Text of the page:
After sitting on the backburner for eight years and finally undergoing more than a year of development, a mobile app has been released for MyBelmont and the university itself.
In response to an innovation challenge issued by administration, Sybril Bennett, a professor of journalism, brought the idea of a mobile app into the light.
“My students have been asked to create mobile apps, and, inevitably, students would create a Belmont mobile app,” Bennett said. “Clearly, I could tell this was something they wanted. Being in the digital universe, I know is something we should have.”
The idea has been talked about on and off for about eight years, starting with the suggestions of students in a media class co-taught by Bennett and Paul Chenoweth, the web programming services manager of the technology services staff.
“We honestly didn’t get a lot of traction early on,” Chenoweth said. “Part of it was so new, and, honestly, Belmont’s not one to jump in on every new little thing that comes along.”
Due to changes within the information technology department and other factors, production on the app wasn’t able to start full-force until the fall of 2013.
“About the time when apps were really beginning to catch on, we were making major changes in information technology services,” Chenoweth said. “We were having to deal with bigger loads for registration. There was a lot going on.”
When it did start, the development of the app began with the students – a survey was distributed asking exactly what students would like to see in an app for Belmont.
“We came up with a Top 10 list of that, and we delivered all but one of those things on the initial launch,” Chenoweth said. “About two-thirds of people said they wanted to see what’s on today’s menu in the cafeteria. And we’re working on that right now.”
Although the idea was suggested by Bennett and Chenoweth, it became a campus-wide project during development. Because of what the app was trying to accomplish, it needed the help from the registrar, the communications department, information technology and more.
“You have marketing, communications, student affairs, registrar’s office,” Bennett said. “All these areas are affected because they are represented on the app. If you apply for courses, the registrar’s office has to be intimately involved to make sure there’s integrity in the process.”
Help didn’t only come from inside the school. Chenoweth said the team looked at other universities’ apps as a model for Belmont’s. It looked at what worked, what didn’t and what students wanted.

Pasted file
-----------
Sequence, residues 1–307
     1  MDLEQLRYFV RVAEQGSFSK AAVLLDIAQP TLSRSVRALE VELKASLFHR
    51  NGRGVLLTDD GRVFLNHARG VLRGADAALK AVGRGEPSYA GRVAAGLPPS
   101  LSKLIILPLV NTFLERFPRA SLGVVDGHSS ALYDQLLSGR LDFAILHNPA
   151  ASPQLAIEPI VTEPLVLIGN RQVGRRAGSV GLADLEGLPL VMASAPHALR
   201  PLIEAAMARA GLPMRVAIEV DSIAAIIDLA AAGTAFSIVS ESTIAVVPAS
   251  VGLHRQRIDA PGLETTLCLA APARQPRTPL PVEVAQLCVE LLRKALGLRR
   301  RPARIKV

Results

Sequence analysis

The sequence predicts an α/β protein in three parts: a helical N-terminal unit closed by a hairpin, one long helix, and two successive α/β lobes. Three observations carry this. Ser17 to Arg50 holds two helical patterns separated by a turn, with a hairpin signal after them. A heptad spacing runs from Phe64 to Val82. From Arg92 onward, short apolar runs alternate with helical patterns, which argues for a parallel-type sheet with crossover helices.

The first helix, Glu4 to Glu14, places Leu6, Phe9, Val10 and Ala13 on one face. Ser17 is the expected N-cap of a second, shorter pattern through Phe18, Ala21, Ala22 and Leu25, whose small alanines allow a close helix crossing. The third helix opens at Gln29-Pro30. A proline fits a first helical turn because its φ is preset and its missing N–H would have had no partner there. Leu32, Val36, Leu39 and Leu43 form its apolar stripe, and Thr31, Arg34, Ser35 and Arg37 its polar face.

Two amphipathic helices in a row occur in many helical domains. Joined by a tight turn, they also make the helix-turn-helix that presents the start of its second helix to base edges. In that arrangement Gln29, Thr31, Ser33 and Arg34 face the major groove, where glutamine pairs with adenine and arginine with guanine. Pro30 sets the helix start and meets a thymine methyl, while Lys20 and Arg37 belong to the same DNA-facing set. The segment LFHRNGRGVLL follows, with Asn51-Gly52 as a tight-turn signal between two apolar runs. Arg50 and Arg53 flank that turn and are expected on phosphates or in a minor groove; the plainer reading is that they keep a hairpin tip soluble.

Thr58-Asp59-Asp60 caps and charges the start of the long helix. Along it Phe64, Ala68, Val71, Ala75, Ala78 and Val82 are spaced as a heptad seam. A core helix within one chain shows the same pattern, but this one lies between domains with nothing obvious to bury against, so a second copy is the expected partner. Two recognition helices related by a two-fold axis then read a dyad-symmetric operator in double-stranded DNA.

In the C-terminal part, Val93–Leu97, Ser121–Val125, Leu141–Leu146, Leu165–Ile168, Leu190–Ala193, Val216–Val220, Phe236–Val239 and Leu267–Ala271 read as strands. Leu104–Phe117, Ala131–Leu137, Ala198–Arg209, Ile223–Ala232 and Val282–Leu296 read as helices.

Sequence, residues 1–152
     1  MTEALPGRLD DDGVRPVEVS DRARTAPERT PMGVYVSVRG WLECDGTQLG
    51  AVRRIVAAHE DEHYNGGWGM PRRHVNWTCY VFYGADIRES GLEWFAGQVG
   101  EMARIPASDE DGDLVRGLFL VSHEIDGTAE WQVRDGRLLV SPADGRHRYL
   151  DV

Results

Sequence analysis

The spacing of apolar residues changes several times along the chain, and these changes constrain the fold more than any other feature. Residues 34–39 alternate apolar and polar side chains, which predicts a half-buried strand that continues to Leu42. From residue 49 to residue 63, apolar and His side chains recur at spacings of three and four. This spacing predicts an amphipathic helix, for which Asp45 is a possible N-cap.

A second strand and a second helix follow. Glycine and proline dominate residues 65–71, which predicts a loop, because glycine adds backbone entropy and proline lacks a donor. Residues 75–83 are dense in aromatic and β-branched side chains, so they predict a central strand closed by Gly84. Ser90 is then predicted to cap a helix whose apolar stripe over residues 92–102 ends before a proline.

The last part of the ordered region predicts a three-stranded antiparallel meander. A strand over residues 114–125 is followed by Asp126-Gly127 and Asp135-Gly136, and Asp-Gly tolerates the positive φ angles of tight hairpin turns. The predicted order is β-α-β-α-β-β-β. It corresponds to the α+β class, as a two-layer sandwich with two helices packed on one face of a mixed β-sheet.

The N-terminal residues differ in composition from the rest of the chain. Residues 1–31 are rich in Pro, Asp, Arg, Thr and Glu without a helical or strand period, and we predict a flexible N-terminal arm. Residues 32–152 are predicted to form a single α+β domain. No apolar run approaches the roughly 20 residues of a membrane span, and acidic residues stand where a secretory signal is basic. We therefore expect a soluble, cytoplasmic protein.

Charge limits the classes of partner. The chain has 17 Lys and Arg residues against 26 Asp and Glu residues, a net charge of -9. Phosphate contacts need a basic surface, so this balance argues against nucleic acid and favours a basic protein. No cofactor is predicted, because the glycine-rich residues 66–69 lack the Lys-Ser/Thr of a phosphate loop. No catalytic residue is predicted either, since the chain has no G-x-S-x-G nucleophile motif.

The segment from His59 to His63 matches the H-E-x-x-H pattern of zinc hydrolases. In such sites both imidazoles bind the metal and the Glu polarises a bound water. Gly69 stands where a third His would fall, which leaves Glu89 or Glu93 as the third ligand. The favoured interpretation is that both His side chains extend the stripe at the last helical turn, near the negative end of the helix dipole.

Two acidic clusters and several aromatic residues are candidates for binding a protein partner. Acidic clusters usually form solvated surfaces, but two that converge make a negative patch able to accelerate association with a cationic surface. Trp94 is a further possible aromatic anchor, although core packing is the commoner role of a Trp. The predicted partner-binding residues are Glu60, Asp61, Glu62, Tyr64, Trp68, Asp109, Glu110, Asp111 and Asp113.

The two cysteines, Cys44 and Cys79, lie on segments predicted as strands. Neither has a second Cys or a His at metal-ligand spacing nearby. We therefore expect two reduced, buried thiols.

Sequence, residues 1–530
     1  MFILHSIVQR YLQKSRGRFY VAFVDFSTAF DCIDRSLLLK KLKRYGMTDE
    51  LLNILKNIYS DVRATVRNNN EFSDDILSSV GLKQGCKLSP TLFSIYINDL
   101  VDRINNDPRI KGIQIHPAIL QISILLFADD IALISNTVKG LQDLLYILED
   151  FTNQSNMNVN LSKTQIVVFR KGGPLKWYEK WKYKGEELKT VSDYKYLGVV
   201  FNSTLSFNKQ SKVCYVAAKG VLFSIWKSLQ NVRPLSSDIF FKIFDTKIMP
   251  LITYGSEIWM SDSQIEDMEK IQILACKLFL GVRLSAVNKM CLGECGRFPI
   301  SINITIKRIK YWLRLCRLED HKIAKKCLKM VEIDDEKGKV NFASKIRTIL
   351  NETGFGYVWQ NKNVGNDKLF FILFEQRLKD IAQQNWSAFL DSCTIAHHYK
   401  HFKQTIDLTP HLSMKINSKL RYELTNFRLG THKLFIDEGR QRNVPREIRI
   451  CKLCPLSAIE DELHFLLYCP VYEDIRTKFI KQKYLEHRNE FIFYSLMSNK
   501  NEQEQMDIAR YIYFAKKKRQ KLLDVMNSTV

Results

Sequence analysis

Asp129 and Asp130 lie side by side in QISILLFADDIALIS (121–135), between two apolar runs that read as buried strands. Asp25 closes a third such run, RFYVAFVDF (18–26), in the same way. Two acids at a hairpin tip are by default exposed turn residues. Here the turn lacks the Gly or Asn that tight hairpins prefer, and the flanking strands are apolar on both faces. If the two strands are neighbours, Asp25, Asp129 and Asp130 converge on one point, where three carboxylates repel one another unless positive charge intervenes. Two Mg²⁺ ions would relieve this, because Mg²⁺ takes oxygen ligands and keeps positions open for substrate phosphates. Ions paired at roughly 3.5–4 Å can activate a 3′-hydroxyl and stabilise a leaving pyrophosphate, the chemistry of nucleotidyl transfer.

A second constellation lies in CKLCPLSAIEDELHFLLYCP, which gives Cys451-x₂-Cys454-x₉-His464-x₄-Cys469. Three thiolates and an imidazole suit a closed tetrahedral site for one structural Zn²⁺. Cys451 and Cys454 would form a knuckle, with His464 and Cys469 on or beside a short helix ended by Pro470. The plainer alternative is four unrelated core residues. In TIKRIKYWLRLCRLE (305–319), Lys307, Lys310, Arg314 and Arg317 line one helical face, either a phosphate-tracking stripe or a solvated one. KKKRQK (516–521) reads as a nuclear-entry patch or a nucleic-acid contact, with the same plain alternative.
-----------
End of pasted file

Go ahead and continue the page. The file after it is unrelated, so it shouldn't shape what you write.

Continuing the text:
“There were several things that were just across the board, uniform, that everybody wants,” he said. “We covered those and then some with the initial app.” Of course, not everything other schools had was relevant to Belmont.
“That was a really interesting experience because a school in the northeast, for instance, the No. 1 most-used module on their mobile app was the shuttle service,” Chenoweth said. “But we’re going ‘Well, we don’t have a shuttle service.’ That really doesn’t help us a whole lot here on campus.”
On the other hand, there were things uniquely Belmont that Chenoweth wanted included on the app – convocation, for instance.
“Students liked the idea of being able to click and see what convo events are today,” he said. “That’s a custom thing unique to Belmont. That’s not something that every school does.”
The app, although released, is still in its beginning stages. It will hopefully be adding more features each fall and spring semester, Chenoweth said.
“Hopefully, we’ll do a couple of new releases every year on the mobile app,” he said. “We have one full screen of icons in the Belmont app. I’m going to guess within a year or two we’ll have three screens of things that you can do.”
Chenoweth encourages students to use the feedback option in the app to let the development team know what’s good and bad about the app.
“We depended on student input to make this thing happen,” he said. “We’re hoping for a lot of downloads and getting good feedback.”
Chenoweth said he is also hoping to involve students by using a “app-a-thons,” where students will present their mobile app ideas and, hopefully, have them become reality.
“We’ve just opened the doors to apps on campus,” Chenoweth said. “We have students all over campus that are already developing apps on their own. To say the least, we know how creative Belmont students are.”
The app is currently available on iTunes and Google Play for free – just search for “myBelmont Mobile” and “Belmont University.”
If you have any suggestions or feedback for the mobile app, contact email@example.com. If you have any problems with the app, the team prefers students use the feedback form within the app.